A number of people in the room struggled and fought in vain to tear themselves loose of the rain’s grip. But no one could avoid the succession of images, the series of scenes representing a possible or likely moment in the life of one or another of them. The thug with a wrestler’s physique lay in a twisted heap on a basement floor, shot through the eye, the puke he’d ejected in terror, in the final moments of the drug deal, caking in a pool around his face. The short thug lay on the floor of another property, a widening pool of blood flowing from a hole in his right temple, his pistol at his side. The thug with the harelip was a gory mess at the base of a tall building in Manchester’s business district. With these unsurprising visions out of the way, the river of common thoughts coursed faster, presenting a vision of Joe Hoyt as an ogre in incomparably worse shape than his present self. His belly jutted out a full three feet through the gap between his ragged shirt and the band of his frayed filthy pants, and he lurched and tottered, speaking gibberish, on the cobblestones of a park as a pair of men approached him warily, holding out scraps of food. Joe’s onetime mate Tony Duke lay decapitated inside an incinerator, his body warming rapidly. Next they saw Ray Hewlett lying face down on the grimy floor of a pub, booze having inflicted one final insult to the brain, just as in the case of the great Dylan Thomas, though the parallel ended there. And then the people in the living room took in a vision of Gerald Sutton, his hair whitened and his face wizened by the passage of decades, gazing through the bars of a cell though it was far from clear whether any sights registered in the addled mind of a clinically depressed lifer. Arthur Rowland’s grotesquely shriveled and shrunken body lay on a bed in a palliative care ward, breathing laboriously through a tube.

            To Mary none of these scenes were truly horrible, not even the sight of her own father in such a state, when compared to what the rain posited about her boyfriend. Though Sam’s body was intact, Mary barely recognized the shriveled, depressed man in a dingy bathrobe sitting in front of a TV on which sitcom after sitcom played, reaching down now and then to take an egg roll or dumpling from a paper bag. Mary guessed that that part of Sam’s future life not spent in front of the TV revolved around porn. But this wasn’t nearly as grotesque as the sight of an gracelessly aging woman, the tenant of an apartment with a spare room sublet on a short-term basis via a new online service to tenants who hardly suspected that their host would push them to try one of the varieties of pot of which she was a mid-level retailer, or that she’d take offense when they said it wasn’t their thing, in other words she wasn’t their thing, they didn’t wish to be remotely like her later in life. Standing in the living room, in the rain’s grip, having this vision, Mary knew she’d rather die than grow into the self presented here.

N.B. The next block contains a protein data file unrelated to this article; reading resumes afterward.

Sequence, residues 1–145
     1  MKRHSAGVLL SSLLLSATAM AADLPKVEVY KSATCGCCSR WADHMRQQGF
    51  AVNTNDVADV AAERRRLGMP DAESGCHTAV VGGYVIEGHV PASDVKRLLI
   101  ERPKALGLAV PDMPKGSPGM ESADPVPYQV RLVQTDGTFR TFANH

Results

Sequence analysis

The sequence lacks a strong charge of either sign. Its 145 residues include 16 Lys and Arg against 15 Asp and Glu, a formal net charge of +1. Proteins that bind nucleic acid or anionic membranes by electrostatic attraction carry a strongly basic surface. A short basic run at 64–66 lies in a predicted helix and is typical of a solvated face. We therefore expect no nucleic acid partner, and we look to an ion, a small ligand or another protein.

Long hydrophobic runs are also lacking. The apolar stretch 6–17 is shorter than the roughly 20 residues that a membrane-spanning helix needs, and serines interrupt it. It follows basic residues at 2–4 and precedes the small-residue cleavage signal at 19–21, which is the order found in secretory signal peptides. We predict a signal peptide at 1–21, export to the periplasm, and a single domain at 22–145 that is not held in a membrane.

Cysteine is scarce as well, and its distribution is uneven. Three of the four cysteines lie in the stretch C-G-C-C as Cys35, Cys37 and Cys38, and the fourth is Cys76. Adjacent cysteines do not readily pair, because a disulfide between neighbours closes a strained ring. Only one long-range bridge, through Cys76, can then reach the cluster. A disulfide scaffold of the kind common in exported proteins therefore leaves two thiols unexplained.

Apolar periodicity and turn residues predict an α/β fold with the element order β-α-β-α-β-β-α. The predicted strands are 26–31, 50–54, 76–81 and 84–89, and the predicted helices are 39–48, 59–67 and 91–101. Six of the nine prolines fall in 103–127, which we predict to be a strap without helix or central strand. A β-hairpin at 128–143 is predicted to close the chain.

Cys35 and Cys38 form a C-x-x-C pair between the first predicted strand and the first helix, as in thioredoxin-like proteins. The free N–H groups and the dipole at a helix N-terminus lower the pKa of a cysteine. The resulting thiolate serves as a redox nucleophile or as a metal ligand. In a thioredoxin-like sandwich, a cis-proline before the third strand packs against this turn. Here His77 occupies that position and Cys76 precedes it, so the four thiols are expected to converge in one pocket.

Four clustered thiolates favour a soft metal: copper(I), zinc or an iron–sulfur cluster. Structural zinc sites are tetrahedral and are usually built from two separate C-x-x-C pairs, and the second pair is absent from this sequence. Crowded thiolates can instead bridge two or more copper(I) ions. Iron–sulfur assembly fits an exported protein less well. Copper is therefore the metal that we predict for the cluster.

The rain had done its job. It eased, thinned out, and finally stopped. Two of Gerald’s thugs immediately put their guns to their temples and pulled the triggers. Tony Duke tried to shoot himself but the gun jammed. Gerald raised his .45 and shot Joe and Tony, wounding the giant, blowing Tony’s brain tissue out in a mucky spray.

            “For God’s sake, stop!” Arthur cried.

            “Mary! Get behind the couch!” Sam said.

            The giant fired his Beretta six times, hitting Gerald once in the abdomen and the thug with the harelip in the face, neck, and chest. Gerald dropped his weapon and fell onto a plush chair, gasping.

            Ray Hewlett looked around the room with interest at the torn and bloodied bodies and at the six others still breathing. Arthur, Mary, Sam, Cara, Joe, and Gerald.

            “You know, you haven’t exhausted your potential, Joe. That Beretta of yours holds eight bullets, and by my count you’ve fired six,” Ray said.

            “Goddamn it, Ray, shut up,” said Arthur.

            “Finish off that dirtbag right now, Joe. Shoot him twice to make sure,” Sam said, pointing at Gerald.

            Though badly injured, Gerald spoke up.

            “Hey, everyone. Sam here had the big mouth in the pub that night. And remember what Mary here urged, Joe. She told us to kill you.”

            The giant looked at Mary, a murderous fury in his eyes.

            “Joe. Don’t shoot her, man. She didn’t mean it,” Sam said.

            “Shut up.”

            “Please don’t shoot my daughter, Joe. She’s only just begun to live,” Arthur pleaded.

            “You don’t have to shoot anyone, Joe,” Cara said.

            Now the giant turned that deadly gaze on Cara.

            “You’re an orisha. I’d like to know why you didn’t predict this day and stop it from happening.”

            “The visions I conjure are, obviously, possible futures rather than inevitable ones, and if I acted to thwart them I’d be abusing my powers.”

            “Joe. Kill that witch. I’ll make you a wealthy man. One bullet for Mary and one for the witch,” Gerald said.

            “No, Joe. Remove that evil man from the world and spare the rest of us,” Mary said.

            Ray spoke up again. “Or how about this, Joe. One bullet for Gerald and one for me.”

            “Hah. You want to die, Ray? Your life’s a whole lot better than mine,” Joe replied.

            “Well, Joe, I suppose I did have more advantages initially. For one thing, no one ever disowned me and left me alone in the world.”

            Joe briefly considered Ray’s counsel in the silence and stillness of the room.

            “Yeah,” Joe said.

He pointed the Beretta at Arthur Rowland and fired twice.

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I am a Brooklyn-based writer and journalist and the author of the short story collections The Uprooted and Other Stories (2018) and When We’re Grownups (2019). My short story “Confessions of a Spook” won Causeway Lit’s 2018 fiction contest. – Michael Washburn